I decided to leave the skull behind for someone else to discover.  Finding a suitable tree along the path, I mounted the skull on the knobby remains of a branch to mark this area as being particularly deer favored.  It was just a short hike from here to reach the river’s high edge again.

Wood debris in the water, Falls of the Ohio, Feb. 29, 2016

Eventually, I did find a hundred yard or so stretch of muddy bank that I could access and walk around.  It was located in a sheltered area where this was a slight bend in the river.  The prevailing currents and wind had pushed a large amount of debris against the bank and most of it consisted of wood and bark bits with the now expected plastic garbage mixed in for good measure.  I immediately began to find “stuff” and here are a few pictures of my “prized” finds.

Plastic drumstick, Falls of the Ohio, Feb. 29, 2016

Here is something for my Fake Food Collection…a small, plastic drumstick.  Over the years, I have found a few of this exact plastic poultry leg and so this is not exactly a unique find.  Note the teeth marks probably from the family dog?

Found green plastic frog toy, Falls of the Ohio, Feb. 29, 2016

Although the spring peepers are starting to be heard in our area…this one will never make a sound.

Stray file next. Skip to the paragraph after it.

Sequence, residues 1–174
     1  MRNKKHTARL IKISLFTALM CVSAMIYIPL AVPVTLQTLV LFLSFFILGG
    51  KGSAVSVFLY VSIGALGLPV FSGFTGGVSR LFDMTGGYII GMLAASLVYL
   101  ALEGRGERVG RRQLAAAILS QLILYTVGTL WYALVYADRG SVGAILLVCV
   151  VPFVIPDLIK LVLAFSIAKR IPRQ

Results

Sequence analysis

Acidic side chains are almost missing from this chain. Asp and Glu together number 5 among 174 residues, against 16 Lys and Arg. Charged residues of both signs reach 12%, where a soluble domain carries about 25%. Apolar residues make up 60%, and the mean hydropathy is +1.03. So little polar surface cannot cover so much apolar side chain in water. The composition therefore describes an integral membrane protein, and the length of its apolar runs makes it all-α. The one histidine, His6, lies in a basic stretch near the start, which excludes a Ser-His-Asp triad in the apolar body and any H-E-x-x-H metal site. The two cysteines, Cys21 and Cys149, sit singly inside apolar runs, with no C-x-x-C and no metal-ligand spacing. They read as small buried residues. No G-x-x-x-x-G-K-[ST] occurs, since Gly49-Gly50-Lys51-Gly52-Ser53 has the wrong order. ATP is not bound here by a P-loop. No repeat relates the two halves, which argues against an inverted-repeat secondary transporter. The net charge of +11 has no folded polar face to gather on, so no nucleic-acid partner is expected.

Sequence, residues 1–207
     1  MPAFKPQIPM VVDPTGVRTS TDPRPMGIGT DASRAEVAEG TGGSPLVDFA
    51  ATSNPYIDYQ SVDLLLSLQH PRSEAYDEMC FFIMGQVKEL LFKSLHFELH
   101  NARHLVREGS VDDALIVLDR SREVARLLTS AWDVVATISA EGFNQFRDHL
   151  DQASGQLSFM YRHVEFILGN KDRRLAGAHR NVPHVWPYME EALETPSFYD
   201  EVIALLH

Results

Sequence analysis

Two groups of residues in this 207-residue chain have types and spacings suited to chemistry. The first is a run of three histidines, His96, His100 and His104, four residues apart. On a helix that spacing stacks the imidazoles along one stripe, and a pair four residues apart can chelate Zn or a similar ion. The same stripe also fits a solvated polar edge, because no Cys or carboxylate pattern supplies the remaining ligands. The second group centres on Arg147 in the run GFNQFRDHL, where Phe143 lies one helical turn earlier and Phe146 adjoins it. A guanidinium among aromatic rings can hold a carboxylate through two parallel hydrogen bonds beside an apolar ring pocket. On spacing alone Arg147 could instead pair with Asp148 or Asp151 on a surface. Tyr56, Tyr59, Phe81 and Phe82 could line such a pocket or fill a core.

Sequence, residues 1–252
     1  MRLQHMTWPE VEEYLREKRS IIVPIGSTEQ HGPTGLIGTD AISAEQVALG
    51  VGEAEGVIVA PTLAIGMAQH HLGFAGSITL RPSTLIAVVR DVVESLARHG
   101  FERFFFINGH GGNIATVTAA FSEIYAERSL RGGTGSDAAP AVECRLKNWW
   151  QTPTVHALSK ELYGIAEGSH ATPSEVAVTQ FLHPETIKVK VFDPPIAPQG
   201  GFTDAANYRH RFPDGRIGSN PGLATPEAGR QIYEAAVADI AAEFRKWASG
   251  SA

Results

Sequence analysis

Found plastic toy hammer, Falls of the Ohio, Feb. 29, 2016

I now have an impressive collection of found toy hammers and mallets and they are all made of plastic.  I need to take a photo of that collection and post it which is another in a line of weirdly specific things I have found out here.

Found Smiley Faces, Falls of the Ohio, Feb. 29, 2016

Here are two more “Smiley Faces” that are the latest ones I have found out here.  The larger is a volleyball and I’m not sure what the smaller one was intended for?  I haven’t looked at it again since I dropped it into the old collecting bag.  As I was exploring, what I couldn’t help but notice along this particular stretch of riverbank was how common toy balls of all sizes and sports that I was finding.  I decided to pick up all the ones I could access and make a collection of them all.  Here is that image.

A pile of various found balls, Falls of the Ohio, Feb. 29, 2016

Detail of found balls, Falls of the Ohio, Feb. 29, 2016

So, what is your sport?  In this motley collection of forty plus river-found balls we have American footballs, soccer balls, basketballs (of course since this is major basketball country), golf balls, tennis balls, playground balls, Styrofoam balls, softballs, a plastic bowling ball, a volleyball, several ball pit balls, and couple of novelty balls, etc…  Of course, balls are the perfect floating object since they are round and roll easily and since they are usually inflated with air they are buoyant as well.  As the day was starting to get late and I had found all the balls in the area that I could reach…it was time to start for home.  I’m looking forward to the river dropping down and the temperatures to begin to rise.  Soon the spring bird migration will be passing through and I’m hopeful of seeing a few Rose-breasted grosbeaks and maybe a Scarlet Tanager or two.  One more image of my made on the spot ball collection looking back on an interesting day at the Falls of the Ohio.

Improvised Ball Collection, Falls of the Ohio, Feb. 29, 2016